Report: Clinton told FBI Powell advised use of private email

Story highlights

  • Hillary Clinton says former Secretary of State Colin Powell advised her to use private email
  • Notes from FBI interview and upcoming book reveal Clinton's explanation

(CNN)Hillary Clinton told the FBI that her predecessor Colin Powell recommended that she use a private email account during her tenure as Secretary of State, according to a new report.

The New York Times reported on the revelation Thursday, based on notes from Clinton's interview with the FBI about her server that were delivered to Congress this week, and on a preview of a book about Bill Clinton's post-presidential years.
    The notes from the FBI's interview with Clinton, conducted during its probe of the issue, reveal that she told investigators that Powell had advised her to use a private account.
    Additionally, an excerpt from journalist Joe Conason's upcoming book on Bill Clinton, "Man of the World: The Further Endeavors of Bill Clinton," provides more detail.
    In the book, Conason recounts a scene at a dinner party in 2009 -- attended by other former Secretaries of State, including host Madeleine Albright, Condoleezza Rice and Henry Kissinger, in addition to Powell -- where they each offered Clinton guidance and advice as she prepared to take the reins of the State Department.
    According to Conason's book, it was at this dinner that Powell told Clinton to use a personal email account.
    As the Times reports, Conason wrote, "Toward the end of the evening, over dessert, Albright asked all of the former secretaries to offer one salient bit of counsel to the nation's next top diplomat. Powell told her to use her own email, as he had done, except for classified communications, which he had sent and received via a State Department computer."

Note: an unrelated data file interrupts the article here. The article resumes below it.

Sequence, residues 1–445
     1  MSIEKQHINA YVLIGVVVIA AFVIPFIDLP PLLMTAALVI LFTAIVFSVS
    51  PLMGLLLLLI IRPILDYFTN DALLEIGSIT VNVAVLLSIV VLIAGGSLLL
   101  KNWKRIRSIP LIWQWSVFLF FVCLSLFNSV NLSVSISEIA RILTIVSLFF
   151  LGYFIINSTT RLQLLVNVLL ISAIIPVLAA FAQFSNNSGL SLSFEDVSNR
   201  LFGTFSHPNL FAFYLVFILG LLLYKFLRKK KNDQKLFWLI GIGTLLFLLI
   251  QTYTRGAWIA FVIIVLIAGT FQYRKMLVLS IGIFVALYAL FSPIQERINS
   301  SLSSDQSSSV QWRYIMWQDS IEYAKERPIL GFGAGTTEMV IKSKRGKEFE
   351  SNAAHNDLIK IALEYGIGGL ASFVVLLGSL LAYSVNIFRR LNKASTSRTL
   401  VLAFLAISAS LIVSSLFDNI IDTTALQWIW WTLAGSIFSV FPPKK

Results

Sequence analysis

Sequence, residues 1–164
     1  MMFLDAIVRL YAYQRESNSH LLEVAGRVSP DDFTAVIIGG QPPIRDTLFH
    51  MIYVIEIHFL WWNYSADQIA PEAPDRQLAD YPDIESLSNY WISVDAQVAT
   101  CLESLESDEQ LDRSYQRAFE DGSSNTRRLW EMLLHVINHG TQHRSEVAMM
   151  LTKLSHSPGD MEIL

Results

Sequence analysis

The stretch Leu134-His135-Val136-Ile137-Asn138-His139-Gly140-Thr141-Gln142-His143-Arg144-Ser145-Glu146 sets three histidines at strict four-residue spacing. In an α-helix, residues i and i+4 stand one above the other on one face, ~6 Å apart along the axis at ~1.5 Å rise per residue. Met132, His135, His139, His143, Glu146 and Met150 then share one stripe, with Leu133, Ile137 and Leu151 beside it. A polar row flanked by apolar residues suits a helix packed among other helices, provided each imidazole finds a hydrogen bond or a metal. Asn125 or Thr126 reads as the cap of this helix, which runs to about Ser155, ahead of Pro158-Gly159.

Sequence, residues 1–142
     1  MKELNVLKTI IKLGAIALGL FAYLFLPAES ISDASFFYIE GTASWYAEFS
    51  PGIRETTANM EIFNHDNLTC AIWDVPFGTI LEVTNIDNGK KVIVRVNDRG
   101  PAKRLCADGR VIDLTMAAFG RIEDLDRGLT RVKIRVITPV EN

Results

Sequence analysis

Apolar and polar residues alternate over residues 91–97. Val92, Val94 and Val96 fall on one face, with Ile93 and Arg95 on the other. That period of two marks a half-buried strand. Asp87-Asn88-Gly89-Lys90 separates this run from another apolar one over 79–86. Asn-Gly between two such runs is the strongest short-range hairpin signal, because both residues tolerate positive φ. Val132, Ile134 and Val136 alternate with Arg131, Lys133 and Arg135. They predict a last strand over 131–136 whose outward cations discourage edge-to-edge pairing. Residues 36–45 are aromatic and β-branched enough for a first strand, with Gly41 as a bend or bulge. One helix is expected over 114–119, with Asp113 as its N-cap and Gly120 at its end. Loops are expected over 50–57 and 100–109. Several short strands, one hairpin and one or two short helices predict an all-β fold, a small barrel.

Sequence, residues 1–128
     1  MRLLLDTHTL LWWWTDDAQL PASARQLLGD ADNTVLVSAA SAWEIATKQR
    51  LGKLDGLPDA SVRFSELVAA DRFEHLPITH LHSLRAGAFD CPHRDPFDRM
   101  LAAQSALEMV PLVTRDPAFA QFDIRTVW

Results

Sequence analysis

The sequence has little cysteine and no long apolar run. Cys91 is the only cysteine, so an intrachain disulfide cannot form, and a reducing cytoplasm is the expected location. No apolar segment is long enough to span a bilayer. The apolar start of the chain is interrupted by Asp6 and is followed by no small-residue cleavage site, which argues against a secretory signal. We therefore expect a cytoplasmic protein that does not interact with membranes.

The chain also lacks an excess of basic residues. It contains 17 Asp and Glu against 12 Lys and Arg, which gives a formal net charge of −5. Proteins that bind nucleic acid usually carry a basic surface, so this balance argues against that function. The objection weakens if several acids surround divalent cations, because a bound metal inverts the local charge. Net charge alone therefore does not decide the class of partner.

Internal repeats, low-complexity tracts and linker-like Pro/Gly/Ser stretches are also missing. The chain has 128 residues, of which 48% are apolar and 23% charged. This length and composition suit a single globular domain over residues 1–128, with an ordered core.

Reached for comment, Powell's team told CNN he has "no recollection" of the conversation described in Conason's book, though he did provide her a memo regarding his own email use at the State Dept.
    Powell Principal Assistant Peggy Cifrinio's said in a statement that the former secretary of state did write Clinton an email memo describing his use of his personal AOL email account for unclassified messages.
    "At the time there was no equivalent system within the Department," Cifrinio said. "He used a secure State computer on his desk to manage classified information. The General no longer has the email he sent to former Secretary Clinton. It may exist in State or FBI files."
    Cifrinio referred to Powell's memoir, "It Worked For Me," where he discussed his use of a private email address while Secretary of State, for more detail.
    CNN has reached out to the Clinton campaign and has not yet received a response.
    Conason also says Clinton had decided to use a personal account before the episode with Powell, though Powell's advice "confirmed" her thinking.
    "Saying that his use of a personal email had been transformative for the department, (Powell) thus confirmed a decision (Clinton) had made months earlier -- to keep her personal account and use it for most messages," Conason wrote.
    While Clinton has pointed to Powell and Rice as examples of previous Secretaries of State who used their personal email accounts, advancements in email technology and the widespread adoption of email for government use since Powell's term cast Clinton's use of a private email account in a sharply different light. Powell worked at the State Dept. during email's infancy, operating on an antiquated system through which he would have sent far fewer emails.
    Furthermore, though Powell admitted to using personal email account on the job, he did not set up a private email server at his personal residence the way that Clinton did in Chappaqua, New York.
    Clinton's use of a private email server during her time as Secretary of State emerged as a major flashpoint in the 2016 presidential election, raising questions about Clinton's judgment, transparency and honesty.
    While the FBI ultimately decided that Clinton's actions didn't warrant criminal prosecution after an investigation, critics have highlighted the issue as an example of an unfair standard of justice for the Clintons. Others have questioned Clinton's motives for establishing her unprecedented private email network.